by Gordon Nary
Gordon: What inspired you to be a psychologist?
Dr. Shean: I had been working as a teacher in primary schools for nine years and was concerned about the mental health problems I was seeing. I felt like we needed to address those before we could educate young people. After becoming a psychologist and working as a school psychologist I realise that learning and mental health work together, you can’t have one without the other.
Gordon: Where did you earn your doctorate and what was the most memorable course that your took, and why was it so memorable?
Dr. Shean: I earned my doctorate at Edith Cowan University in 2010. The most memorable course I took along the way was my masters in Community Psychology. It taught me to focus on the community around the child rather than the child. We spend so much time trying to fix the child when we really need to fix the toxic environment they are in and then I usually see them flourish.
Gordon: When did you work at Department of Education, Western Australia and what were your primary responsibilities?
Dr. Shean: I worked at the Department of Education from 1992 – 2009 as a teacher. In this role I was responsible for delivering the curriculum and worked in years 2 to 7.
I also worked for DoE from 2010 – 2012 as a school psychologist. In this role I was responsible for assessment (intelligence, learning difficulties, behavioural problems), behavioural and academic interventions, collaborating with parents and teachers, and implementing preventative measures.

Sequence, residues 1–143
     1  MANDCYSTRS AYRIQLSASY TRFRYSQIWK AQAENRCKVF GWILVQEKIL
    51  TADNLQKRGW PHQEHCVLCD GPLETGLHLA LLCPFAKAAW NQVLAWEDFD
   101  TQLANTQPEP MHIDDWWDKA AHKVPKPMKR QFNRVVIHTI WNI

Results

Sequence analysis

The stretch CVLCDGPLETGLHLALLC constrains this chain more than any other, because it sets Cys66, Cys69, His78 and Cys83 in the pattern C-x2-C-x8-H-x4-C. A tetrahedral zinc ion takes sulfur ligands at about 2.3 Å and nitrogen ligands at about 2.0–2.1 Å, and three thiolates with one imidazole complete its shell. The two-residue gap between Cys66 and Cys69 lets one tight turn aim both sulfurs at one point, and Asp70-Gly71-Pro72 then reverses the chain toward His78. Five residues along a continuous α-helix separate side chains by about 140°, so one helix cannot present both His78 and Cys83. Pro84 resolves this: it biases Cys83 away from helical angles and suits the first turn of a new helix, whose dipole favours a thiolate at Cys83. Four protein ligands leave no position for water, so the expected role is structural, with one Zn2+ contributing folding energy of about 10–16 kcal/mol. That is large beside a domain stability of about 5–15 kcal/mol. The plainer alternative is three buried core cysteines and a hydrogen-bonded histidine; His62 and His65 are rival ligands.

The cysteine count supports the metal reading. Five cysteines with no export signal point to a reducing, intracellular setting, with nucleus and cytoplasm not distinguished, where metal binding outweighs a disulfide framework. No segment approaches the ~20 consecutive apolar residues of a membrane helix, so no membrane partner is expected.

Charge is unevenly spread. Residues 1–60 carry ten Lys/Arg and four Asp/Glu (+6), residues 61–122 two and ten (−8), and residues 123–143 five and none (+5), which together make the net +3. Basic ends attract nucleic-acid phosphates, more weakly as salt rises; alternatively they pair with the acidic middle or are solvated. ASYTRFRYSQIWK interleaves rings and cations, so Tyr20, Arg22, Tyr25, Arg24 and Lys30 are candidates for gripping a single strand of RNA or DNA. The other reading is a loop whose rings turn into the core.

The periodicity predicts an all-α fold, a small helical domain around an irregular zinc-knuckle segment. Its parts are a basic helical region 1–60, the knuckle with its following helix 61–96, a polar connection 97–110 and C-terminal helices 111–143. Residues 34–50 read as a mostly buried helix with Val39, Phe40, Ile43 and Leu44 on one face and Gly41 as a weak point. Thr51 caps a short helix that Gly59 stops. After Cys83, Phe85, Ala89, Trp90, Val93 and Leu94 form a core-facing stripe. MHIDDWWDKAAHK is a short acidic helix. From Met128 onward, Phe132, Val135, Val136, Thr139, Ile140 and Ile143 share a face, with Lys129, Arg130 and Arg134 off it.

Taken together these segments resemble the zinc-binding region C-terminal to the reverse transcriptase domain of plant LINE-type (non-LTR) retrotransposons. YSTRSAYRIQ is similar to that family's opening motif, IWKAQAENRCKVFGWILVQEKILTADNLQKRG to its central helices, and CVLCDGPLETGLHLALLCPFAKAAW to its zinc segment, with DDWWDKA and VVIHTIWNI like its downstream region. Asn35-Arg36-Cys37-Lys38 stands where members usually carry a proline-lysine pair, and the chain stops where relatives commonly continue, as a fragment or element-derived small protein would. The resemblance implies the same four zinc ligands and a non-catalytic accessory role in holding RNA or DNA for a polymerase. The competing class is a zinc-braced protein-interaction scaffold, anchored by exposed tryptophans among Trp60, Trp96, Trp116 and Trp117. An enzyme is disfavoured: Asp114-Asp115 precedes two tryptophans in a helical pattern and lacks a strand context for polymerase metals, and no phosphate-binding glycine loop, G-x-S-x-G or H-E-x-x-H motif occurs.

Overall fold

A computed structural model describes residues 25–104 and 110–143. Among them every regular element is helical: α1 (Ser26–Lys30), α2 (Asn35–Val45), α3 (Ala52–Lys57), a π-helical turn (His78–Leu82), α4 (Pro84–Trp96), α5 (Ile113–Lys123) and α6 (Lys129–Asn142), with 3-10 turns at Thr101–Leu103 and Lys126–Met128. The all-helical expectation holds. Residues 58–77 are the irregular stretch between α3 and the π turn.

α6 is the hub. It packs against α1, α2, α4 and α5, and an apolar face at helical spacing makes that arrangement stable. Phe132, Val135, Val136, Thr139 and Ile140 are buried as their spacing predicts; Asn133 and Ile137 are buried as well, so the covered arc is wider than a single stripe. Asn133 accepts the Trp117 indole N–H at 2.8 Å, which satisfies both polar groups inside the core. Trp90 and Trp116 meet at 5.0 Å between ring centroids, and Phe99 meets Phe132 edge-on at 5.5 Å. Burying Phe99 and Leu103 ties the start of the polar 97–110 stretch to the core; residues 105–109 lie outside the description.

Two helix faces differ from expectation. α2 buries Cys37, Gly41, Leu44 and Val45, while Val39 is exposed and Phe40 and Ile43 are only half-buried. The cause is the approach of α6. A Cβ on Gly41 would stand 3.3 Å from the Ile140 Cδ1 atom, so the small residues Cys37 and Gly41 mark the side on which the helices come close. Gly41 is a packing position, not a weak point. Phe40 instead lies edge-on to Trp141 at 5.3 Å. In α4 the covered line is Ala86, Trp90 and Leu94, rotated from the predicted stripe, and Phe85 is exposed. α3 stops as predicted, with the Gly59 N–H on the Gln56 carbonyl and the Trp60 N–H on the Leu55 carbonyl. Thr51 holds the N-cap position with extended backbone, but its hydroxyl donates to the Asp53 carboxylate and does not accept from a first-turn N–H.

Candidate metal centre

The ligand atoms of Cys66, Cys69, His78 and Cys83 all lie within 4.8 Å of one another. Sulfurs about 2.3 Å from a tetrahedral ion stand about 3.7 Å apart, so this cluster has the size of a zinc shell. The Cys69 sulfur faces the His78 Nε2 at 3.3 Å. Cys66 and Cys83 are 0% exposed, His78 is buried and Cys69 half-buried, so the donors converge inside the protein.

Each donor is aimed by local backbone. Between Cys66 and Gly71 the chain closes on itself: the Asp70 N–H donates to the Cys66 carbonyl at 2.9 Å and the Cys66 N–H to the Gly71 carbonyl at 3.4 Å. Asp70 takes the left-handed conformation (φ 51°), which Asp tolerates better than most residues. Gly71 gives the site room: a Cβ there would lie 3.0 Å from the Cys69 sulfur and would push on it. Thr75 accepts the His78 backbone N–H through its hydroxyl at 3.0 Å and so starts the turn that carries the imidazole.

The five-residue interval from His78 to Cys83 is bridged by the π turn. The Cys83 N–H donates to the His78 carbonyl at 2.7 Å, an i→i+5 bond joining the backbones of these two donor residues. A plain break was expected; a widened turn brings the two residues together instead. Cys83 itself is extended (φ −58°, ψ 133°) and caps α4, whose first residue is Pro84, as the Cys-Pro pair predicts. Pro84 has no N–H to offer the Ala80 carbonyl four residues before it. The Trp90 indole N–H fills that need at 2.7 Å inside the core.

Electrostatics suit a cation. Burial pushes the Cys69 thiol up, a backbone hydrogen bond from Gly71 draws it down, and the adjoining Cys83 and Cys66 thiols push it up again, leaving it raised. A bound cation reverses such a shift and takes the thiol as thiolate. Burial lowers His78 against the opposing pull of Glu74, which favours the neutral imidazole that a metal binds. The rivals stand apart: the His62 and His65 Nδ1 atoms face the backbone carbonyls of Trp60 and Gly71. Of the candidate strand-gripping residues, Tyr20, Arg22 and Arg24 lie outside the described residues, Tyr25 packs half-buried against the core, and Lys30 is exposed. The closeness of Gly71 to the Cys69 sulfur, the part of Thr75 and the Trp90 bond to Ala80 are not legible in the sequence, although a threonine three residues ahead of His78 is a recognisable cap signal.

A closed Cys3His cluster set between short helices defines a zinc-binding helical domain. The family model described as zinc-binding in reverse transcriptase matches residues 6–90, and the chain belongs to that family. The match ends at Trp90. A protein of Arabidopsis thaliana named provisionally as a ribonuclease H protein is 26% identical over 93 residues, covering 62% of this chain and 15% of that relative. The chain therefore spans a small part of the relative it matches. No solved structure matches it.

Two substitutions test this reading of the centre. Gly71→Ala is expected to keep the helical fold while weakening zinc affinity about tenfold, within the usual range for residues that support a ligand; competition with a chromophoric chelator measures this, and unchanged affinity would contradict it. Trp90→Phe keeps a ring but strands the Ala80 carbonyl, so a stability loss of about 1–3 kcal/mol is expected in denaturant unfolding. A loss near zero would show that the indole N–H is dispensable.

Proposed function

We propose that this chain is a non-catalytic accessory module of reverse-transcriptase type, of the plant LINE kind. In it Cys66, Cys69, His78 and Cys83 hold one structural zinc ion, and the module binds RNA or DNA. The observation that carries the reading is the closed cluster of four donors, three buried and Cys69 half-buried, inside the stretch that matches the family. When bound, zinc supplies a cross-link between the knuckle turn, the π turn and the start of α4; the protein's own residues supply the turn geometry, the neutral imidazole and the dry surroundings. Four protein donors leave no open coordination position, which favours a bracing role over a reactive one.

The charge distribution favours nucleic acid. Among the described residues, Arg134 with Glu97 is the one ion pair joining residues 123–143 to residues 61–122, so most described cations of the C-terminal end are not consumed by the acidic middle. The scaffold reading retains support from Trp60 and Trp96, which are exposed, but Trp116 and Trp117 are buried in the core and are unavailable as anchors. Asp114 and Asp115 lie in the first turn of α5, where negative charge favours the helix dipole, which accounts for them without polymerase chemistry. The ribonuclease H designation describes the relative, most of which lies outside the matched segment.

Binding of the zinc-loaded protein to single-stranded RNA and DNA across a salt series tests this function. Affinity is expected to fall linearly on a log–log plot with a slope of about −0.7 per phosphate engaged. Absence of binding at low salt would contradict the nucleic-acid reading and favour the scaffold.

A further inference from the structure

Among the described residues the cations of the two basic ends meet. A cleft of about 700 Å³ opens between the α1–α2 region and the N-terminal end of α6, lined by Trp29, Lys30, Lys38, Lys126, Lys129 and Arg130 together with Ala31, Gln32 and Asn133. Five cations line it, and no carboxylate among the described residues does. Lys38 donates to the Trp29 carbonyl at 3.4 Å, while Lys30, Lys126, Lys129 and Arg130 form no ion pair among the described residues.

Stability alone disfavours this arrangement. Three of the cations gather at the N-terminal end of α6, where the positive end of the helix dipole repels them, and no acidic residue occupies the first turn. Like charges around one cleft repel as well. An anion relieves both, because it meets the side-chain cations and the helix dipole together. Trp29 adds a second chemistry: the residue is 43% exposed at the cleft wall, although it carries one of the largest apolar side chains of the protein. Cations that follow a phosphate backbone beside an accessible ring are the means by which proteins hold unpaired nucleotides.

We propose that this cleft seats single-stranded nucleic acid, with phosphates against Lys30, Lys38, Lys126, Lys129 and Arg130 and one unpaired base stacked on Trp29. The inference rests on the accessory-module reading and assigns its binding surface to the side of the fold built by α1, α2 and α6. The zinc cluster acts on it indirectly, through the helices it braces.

Gordon: When did you work as Consultant Psychologist at Catholic Education Western Australia and what were your primary responsibilities?
Dr. Shean: I worked as a consultant for CEWA from the middle of 2019 until the end of 2020. This was a temporary secondment from ECU. In this role I developed and delivered a classroom management training package. I also created training packages for belonging and attendance and helped developed policies.
Gordon: When did you start working as a Lecturer at Edith Cowan University and on what topics do you lecture?
Dr. Shean: I started work at ECU in 2012 after doing sessional work in 2011. I have lectured across a wide range of units, including learning theory, research methods, development theory, and classroom management. My core topics are classroom management and wellbeing.
Gordon: Thank you for an insightful interview.